Potential Difference: Potential difference is a broader term that encompasses the concept of voltage. It refers to the difference in electric potential between two points in an electric field. This difference can be calculated at any two points in the field, not necessarily just in the context of an electrical circuit. Potential difference is also measured in volts.
In summary, the main difference lies in their usage. Voltage is commonly used in the context of electrical circuits and systems, while potential difference is a more general term used in the broader study of electric fields. However, both terms are often used interchangeably in many contexts, and the distinction between them can sometimes be subtle.
Why is electric potential always positive?
In the context of a point charge in an electric field, electric potential is indeed always positive. This is a result of the definition of electric potential, which is the amount of work done to bring a unit positive charge from an infinitely far away reference point to a specific point in the electric field.
The work done is always positive because the force and the displacement are in the same direction, in accordance with the definition of work in physics. Thus, the electric potential at any point is always positive with respect to the reference point.
However, when dealing with a system of charges, the electric potential at a point can be positive or negative depending on the location of the point relative to the charges. The sign of the potential at a point signifies the direction of the force that a positive test charge would experience if placed at that point. If the force is attractive, the potential is negative, and if the force is repulsive, the potential is positive.
In summary, electric potential is always positive in the context of the specific definition, but when considering systems of charges, it can be positive or negative depending on the relative positions of the charges.
Why electric potential of Earth is taken as zero?
In the context of electrical circuits and calculations involving electrical potential, the Earth is often chosen as a reference point, and its electric potential is considered to be zero. This is done for practical convenience and simplification of calculations, and it is known as the choice of an arbitrary reference point.
Taking the electric potential of the Earth as zero provides a convenient reference point for understanding and analyzing electrical systems, especially in the case of grounded systems. By establishing the Earth as the reference point, it becomes easier to measure and compare the electric potentials of various points in a system.
In this context, the choice of the Earth as the reference point simplifies calculations and allows for a straightforward understanding of the behavior of electrical potentials within a system.
This practice is common in electrical engineering and is based on the practicality of establishing a standardized reference point for electrical measurements and analyses.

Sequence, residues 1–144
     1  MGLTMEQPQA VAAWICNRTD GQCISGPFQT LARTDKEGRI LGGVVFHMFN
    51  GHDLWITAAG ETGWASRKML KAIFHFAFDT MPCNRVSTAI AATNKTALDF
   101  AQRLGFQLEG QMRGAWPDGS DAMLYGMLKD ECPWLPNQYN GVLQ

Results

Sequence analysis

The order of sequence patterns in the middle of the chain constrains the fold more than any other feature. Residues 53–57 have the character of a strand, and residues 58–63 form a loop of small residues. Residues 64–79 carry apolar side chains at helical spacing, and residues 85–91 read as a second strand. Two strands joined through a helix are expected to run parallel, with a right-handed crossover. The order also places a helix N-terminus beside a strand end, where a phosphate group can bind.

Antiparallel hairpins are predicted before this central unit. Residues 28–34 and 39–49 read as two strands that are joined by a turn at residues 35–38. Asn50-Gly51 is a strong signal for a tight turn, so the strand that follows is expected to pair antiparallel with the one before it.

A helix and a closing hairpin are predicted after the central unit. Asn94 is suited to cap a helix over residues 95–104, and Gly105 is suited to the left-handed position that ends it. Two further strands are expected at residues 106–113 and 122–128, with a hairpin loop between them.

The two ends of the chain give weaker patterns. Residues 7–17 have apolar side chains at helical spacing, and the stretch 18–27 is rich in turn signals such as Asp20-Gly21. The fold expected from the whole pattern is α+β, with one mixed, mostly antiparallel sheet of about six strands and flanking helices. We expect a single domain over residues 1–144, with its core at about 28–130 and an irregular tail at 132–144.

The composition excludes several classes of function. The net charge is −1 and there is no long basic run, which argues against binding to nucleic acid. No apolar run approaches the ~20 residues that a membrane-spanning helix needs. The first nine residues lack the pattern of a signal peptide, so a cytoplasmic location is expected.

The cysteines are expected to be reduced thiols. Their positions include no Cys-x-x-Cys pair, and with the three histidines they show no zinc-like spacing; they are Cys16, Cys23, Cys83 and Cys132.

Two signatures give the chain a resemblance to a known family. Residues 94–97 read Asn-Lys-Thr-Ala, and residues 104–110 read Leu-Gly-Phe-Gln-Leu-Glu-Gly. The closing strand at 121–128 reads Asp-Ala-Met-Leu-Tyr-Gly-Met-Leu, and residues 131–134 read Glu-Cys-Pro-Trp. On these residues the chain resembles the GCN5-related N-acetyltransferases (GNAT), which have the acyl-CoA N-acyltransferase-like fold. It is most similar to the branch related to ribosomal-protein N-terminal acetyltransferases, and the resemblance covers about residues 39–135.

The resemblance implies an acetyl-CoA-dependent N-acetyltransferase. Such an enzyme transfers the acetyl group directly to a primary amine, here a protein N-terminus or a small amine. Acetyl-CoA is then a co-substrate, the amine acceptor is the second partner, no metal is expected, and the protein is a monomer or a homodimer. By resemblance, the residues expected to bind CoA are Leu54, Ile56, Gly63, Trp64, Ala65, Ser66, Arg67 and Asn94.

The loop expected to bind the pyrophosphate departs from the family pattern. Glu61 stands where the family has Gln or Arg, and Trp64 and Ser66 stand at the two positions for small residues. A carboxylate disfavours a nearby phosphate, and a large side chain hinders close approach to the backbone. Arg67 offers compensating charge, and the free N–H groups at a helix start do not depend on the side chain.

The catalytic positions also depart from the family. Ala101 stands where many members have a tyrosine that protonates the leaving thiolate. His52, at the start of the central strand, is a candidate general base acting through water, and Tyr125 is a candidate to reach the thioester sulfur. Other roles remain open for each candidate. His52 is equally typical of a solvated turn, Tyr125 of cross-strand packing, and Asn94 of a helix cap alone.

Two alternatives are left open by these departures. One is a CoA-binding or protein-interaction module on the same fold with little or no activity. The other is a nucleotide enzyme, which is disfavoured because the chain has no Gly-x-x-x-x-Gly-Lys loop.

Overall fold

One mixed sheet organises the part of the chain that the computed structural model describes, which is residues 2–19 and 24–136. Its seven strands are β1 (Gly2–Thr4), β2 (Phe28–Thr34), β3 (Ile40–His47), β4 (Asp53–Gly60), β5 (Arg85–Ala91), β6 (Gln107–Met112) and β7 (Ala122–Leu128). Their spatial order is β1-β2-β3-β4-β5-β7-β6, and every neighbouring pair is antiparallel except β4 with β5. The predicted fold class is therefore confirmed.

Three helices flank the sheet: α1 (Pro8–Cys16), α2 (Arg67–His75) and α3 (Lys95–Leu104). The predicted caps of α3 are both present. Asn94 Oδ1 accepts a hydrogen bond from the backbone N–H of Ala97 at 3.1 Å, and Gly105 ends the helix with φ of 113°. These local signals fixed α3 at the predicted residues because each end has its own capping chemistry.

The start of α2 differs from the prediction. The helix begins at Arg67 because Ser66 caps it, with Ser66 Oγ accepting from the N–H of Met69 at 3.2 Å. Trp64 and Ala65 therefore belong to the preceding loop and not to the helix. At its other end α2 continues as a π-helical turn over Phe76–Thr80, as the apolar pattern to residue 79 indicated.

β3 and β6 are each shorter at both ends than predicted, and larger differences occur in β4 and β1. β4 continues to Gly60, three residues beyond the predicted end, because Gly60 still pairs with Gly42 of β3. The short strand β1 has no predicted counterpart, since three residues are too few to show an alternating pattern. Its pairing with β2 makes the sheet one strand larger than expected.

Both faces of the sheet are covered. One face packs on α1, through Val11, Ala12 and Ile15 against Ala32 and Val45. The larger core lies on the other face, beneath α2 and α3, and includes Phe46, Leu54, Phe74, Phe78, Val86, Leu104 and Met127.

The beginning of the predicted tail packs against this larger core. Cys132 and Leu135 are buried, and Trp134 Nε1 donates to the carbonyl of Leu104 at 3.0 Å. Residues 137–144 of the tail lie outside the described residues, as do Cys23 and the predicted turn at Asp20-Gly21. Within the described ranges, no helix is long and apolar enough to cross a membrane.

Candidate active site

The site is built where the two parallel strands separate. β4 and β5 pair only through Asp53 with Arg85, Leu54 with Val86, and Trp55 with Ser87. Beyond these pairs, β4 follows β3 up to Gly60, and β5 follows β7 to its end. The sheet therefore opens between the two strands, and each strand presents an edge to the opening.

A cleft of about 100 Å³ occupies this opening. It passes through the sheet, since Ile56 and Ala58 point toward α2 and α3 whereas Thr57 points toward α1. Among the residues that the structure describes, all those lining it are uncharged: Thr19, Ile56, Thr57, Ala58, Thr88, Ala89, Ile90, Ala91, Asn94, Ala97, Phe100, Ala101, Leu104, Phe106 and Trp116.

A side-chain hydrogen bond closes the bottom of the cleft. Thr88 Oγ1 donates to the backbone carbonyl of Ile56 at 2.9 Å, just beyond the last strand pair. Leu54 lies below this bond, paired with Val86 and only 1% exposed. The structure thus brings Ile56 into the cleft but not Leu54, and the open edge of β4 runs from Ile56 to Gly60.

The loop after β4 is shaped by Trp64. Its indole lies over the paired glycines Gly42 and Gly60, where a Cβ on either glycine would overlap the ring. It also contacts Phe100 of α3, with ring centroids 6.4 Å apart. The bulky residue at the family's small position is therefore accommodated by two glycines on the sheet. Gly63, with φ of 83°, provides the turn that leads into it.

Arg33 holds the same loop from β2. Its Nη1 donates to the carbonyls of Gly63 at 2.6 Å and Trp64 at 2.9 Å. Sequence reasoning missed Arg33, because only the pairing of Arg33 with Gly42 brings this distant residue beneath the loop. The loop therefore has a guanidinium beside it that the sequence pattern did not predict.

the potential difference in parallel and series combinations
In electrical circuits, the arrangement of components can significantly impact the potential difference across them. Understanding how potential differences behave in series and parallel combinations is essential for analyzing and designing complex circuits. Here’s how the potential difference varies in these configurations:

Series Combination:
 In a series circuit, components are connected sequentially, and the same current flows through each component. The total potential difference across the series is the sum of the individual potential differences.
 So, if you have resistors $R_{1}$, $R_{2}$, and $R_{3}$ in series with potential differences $V_{1}$, $V_{2}$, and $V_{3}$ respectively, the total potential difference $V_{total}$ is the sum of the individual potential differences: $V_{total}=V_{1}+V_{2}+V_{3}$

Parallel Combination:
 In a parallel circuit, components are connected across the same two points, and the potential difference across each component is the same.
 For resistors $R_{1}$, $R_{2}$, and $R_{3}$ in parallel with potential differences $V_{1}$, $V_{2}$, and $V_{3}$ respectively, the potential difference across each resistor is the same as the total potential difference across the combination: $V_{total}=V_{1}=V_{2}=V_{3}$
In both configurations, the total potential difference across the combination depends on the specific arrangement of the components and the circuit layout. Understanding the potential differences is crucial for analyzing the behavior of circuits, calculating power dissipation, and ensuring that components operate within their specified voltage limits.
What is the relationship between current and potential differences?
The relationship between current and potential difference (voltage) is described by Ohm’s law, which applies to many conductive materials and components under certain conditions. Ohm’s law states that the current through a conductor between two points is directly proportional to the voltage across the two points, and the proportionality constant is the resistance of the conductor. Mathematically, Ohm’s law can be expressed as: